• Partake in creative activities, such as crafts, knitting, scrapbooking or even gardening. You don’t have to consider yourself an artsy person, but most of us enjoy the occasional simple project among friends.
  • Do community service, which when done from a pure desire and genuine place, can be true soul food.
  • Play or listen to music! Most places, small towns and cities alike, always have some music happening.
  • Be a tourist. I’m guessing there are things on your local city/town’s “things to do in _______” that you haven’t done. Go do them!
  • Throw a juice party!! Have your friends/family bring over some of their favorite fruits and veggies, and make juice with them/for them. Everyone can benefit from drinking juice, and who knows, maybe they’ll get into juicing because of you!

 If You Are Around Food

If you do decide to be a part of something food-oriented, make sure you do the following things:

  • Drink enough juice right before so that you’re not hungry when you arrive.
  • Bring some delicious juice with you and drink it while there. There’s no need to go without just because others are eating. If anyone thinks it’s strange, that’s their issue.

Food-y Friends and Family

The truth is, anyone who really enjoys your company will want to enjoy time with you even if food isn’t involved. If they don’t want to bother with hanging out with you so long as you can’t eat together, you’ve got a person who might kinda want to spend time with you, but also kinda uses you as an excuse to eat food. And if you don’t feel like seeing someone if you can’t eat with them, maybe you’ve been kinda using them as an excuse to eat. You may end up finding out who really likes you for you. Sans food, sans alcohol, just juicy, hydrated you.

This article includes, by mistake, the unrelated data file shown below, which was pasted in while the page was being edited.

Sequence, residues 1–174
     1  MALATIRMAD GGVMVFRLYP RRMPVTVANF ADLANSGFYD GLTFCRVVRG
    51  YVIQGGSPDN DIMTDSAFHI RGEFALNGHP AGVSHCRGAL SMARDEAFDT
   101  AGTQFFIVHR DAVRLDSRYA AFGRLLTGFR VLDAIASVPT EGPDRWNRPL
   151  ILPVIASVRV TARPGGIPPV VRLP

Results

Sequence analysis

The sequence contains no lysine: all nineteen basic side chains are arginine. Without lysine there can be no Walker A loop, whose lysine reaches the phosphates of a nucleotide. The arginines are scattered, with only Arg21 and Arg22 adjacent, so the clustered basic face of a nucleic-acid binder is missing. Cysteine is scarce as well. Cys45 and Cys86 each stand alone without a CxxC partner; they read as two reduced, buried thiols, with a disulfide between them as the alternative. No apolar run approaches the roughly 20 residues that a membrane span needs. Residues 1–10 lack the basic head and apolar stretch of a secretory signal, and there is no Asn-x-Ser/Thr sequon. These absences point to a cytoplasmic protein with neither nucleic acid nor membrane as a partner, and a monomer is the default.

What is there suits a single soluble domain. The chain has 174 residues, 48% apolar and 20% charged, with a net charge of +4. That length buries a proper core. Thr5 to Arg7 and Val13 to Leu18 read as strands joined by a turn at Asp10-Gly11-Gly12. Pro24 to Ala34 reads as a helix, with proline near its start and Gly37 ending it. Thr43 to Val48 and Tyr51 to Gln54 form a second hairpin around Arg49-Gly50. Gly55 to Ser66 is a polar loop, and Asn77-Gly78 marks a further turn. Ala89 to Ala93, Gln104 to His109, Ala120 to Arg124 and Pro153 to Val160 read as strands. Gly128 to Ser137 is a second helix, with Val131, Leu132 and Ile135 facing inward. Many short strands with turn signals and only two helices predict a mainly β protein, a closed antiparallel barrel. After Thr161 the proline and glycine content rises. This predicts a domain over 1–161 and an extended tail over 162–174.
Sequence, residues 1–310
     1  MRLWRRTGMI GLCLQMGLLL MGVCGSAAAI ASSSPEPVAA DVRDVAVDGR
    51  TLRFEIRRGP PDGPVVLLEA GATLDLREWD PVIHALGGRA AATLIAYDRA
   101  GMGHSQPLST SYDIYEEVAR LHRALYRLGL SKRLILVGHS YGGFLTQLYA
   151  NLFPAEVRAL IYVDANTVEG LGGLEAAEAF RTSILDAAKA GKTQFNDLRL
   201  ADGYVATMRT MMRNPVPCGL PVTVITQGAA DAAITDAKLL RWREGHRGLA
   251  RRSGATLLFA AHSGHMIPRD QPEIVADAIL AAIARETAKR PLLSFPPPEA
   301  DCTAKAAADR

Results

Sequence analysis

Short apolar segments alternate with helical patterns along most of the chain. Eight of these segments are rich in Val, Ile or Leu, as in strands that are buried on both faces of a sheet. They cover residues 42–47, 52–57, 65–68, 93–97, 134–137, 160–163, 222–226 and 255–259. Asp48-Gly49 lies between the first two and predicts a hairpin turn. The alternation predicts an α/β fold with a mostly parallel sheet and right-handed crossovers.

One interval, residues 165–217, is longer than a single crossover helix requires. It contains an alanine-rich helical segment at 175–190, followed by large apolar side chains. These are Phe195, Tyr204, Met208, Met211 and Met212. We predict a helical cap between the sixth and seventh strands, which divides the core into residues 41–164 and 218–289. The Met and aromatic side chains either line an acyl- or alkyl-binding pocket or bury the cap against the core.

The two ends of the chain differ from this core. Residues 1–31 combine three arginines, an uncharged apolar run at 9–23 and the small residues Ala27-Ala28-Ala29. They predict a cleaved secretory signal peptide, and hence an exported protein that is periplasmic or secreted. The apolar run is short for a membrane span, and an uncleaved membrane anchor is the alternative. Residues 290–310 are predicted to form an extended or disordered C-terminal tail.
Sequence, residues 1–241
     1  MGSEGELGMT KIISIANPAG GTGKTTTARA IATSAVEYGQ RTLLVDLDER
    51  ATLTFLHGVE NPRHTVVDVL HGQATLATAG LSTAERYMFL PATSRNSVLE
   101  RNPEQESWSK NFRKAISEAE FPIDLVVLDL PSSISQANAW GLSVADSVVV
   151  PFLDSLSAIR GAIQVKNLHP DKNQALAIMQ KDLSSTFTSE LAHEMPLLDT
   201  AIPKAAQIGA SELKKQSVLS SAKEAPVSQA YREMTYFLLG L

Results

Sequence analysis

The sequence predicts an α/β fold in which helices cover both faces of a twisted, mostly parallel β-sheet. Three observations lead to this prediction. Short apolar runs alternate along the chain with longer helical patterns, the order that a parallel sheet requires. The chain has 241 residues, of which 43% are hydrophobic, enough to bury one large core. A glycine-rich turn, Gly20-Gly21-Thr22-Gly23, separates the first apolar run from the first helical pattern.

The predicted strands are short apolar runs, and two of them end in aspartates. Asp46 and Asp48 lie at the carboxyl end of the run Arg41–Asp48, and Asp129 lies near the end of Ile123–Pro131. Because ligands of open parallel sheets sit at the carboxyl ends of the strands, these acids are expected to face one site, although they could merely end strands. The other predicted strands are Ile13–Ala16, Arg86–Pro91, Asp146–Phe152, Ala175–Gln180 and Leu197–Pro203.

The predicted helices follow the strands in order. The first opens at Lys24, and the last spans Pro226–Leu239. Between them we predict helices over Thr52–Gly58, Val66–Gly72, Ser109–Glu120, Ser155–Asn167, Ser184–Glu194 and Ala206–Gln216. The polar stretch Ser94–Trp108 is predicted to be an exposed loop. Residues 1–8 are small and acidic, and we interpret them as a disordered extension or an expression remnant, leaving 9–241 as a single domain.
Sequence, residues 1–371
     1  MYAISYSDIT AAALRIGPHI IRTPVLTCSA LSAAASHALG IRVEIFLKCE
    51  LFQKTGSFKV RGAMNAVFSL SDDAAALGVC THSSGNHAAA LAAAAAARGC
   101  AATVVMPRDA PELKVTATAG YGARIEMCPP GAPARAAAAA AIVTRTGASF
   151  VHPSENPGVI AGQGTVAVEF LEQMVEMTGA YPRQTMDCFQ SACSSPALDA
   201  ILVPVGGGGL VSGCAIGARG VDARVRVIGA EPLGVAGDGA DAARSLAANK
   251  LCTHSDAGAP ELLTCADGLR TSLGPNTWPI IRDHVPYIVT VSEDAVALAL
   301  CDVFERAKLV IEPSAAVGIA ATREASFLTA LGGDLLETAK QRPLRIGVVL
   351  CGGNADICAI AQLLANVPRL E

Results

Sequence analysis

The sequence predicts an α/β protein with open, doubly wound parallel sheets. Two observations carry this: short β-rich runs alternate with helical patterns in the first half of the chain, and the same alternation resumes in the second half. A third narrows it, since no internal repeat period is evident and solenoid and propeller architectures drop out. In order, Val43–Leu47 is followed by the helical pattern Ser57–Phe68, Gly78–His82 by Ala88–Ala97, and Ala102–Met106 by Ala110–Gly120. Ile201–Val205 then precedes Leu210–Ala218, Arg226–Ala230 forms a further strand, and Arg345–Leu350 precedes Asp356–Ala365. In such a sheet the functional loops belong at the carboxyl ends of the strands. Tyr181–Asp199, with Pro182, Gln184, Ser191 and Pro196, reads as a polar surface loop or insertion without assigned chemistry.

Enjoying someone’s company should be about  just that–enjoying someone’s company. It shouldn’t matter at all whether we’re simultaneously putting food in our mouths. You can enjoy conversation and connection without chewing. I’ve personally learned some big lessons about presence and listening during socializing while juice cleansing. It reveals the times when I don’t really listen closely and am really just thinking about food, and times when I’m totally not even present. I’ve even found I enjoy some social events more when I’m juicing because I realize I’m so much more present and so much more myself (which of course is something to carry over into every moment of my life). When we are really listening to ourselves, we become better listeners to others.